I wanted to add continuous code coverage to my little extension library project, and so realised i would need to run one of nCover, dotCover or openCover from the command line on my build server. This calls for a task based build automation library!

Because I'm started to learn more about this nodejs thing as a .Net developer, I figured I should give one of the build automation projects from there a go, even though my project is a .Net library and I dont need node (even if it is a PCL).

A Few Hurdles

So the first major problem is node itself. not a current dependancy from any of the project, so that needed to be installed. Not a big deal, i did have to hack around with powershell to set up node so that npm was recognised, but thats a once off per machine. Then I had to add a package.json file, that was that.

Next up was gulp, again, not too bad except that I did have issues getting gulp recognised as a command, but a few powershell restarts and some new PATH variables and that was fine too.

Now to get gulp to build and run my tests. Luckily there is a gulp-msbuild task that I could install, which works without much trouble. Unfortunately, there was no gulp-mstest. after much trial and error, I found and used the node package mstest, and jumped some extra hoops to do a manual gulp task for that. I notice that there is a grunt-mstest available, and a gulp-nunit, so not too big a deal for others that might be following a similar path.

I even managed to get a AssemblyInfo rewritter build step as well, which was a nice, but unnecessary bonus at this stage.

About now, after several hours mucking about, I realised that I had achieved the following:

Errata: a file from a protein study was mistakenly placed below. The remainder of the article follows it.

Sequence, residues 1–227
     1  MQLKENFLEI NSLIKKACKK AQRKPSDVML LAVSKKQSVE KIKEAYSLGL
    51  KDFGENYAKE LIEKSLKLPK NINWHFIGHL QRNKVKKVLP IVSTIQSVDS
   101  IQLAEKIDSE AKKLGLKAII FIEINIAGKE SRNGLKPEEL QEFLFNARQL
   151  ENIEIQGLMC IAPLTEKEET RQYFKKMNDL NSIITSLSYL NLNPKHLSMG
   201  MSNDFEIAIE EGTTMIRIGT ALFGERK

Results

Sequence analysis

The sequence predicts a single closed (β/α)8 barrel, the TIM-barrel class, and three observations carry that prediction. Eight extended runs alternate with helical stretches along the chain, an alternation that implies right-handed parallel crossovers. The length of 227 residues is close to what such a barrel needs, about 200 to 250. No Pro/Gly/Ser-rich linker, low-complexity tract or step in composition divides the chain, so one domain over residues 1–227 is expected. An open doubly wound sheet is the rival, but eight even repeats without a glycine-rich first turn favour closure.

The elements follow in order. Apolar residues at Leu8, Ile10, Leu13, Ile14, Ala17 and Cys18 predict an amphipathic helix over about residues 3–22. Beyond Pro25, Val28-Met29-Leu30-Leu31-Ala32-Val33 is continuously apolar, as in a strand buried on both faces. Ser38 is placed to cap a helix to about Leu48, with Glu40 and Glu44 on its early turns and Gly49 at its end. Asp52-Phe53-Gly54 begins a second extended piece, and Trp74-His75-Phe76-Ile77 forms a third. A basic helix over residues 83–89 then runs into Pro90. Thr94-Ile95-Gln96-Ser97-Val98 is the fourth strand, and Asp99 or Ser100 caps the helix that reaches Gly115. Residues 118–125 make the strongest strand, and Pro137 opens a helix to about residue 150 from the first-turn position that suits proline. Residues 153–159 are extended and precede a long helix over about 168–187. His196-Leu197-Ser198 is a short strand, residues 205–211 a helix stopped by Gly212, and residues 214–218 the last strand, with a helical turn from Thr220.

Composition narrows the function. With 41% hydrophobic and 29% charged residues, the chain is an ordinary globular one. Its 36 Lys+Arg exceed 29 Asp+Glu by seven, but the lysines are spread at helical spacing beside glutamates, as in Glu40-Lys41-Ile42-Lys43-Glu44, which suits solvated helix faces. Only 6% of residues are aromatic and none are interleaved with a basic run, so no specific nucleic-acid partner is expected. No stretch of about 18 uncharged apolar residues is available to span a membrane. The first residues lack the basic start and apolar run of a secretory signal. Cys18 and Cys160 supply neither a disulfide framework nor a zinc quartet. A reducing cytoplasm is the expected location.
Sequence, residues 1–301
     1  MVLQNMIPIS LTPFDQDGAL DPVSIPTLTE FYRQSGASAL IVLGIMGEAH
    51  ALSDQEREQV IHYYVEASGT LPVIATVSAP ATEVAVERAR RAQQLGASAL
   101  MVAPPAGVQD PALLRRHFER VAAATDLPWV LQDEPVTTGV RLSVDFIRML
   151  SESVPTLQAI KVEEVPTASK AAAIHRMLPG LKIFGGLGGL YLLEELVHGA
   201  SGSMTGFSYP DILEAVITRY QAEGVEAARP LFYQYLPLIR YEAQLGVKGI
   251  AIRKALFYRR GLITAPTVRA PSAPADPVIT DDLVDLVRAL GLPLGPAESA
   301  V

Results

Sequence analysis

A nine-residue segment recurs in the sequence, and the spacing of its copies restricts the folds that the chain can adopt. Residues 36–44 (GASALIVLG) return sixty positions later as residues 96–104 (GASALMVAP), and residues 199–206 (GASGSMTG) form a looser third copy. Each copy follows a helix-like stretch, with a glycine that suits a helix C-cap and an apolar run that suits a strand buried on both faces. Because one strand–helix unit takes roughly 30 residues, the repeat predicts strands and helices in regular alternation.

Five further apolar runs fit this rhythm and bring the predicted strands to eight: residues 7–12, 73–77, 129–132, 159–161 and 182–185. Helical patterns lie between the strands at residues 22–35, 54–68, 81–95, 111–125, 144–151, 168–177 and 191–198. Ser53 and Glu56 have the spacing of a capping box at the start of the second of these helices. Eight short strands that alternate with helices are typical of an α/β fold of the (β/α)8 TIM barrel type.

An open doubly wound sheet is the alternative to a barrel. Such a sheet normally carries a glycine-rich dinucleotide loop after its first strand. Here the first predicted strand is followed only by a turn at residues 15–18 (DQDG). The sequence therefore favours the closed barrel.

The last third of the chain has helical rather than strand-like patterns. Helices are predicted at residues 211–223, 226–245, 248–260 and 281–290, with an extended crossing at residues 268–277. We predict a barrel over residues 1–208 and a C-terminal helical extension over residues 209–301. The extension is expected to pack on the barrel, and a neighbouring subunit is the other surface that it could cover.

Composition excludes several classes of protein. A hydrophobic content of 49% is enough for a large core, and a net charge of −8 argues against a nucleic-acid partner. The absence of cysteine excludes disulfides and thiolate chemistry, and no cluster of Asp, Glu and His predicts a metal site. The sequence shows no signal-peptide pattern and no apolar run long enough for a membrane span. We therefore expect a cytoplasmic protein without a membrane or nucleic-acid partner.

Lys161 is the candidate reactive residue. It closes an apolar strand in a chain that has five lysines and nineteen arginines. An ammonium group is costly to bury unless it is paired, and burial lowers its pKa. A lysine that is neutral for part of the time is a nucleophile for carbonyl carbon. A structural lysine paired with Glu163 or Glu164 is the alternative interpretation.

• Introduced an unnecessary dependancy on nodeJS
  • Added new node-module dependancies to the setup of my build tasks that need downloading
  • Require you to spin up an entire node environment, just to shell out to command line applications to build and test my .Net project.

I haven't even got to code coverage and already feel I'm breaking ground, and will need to build my own node libraries for gulp to run my tests and code coverage. At this point I also realise since ive been doing the whole thing in powershell, I should just install psake and be done with it.

Conclusion

If you've got a web application in .Net and you will need a pipeline for less/sass/typescript/coffeescript/javascript , gulp is a nice way to go, and can even do the build, run the test, package to a zip and/or deploy to your environments for you. But if all you have is a .Net library with no web requirements whatsoever, I recommend psake, with a little chocolatey for environment dependancies thrown in.

For your interest

You can check out the changes in the following Commit (I'm pretty sure it's going to become psake pretty soon.)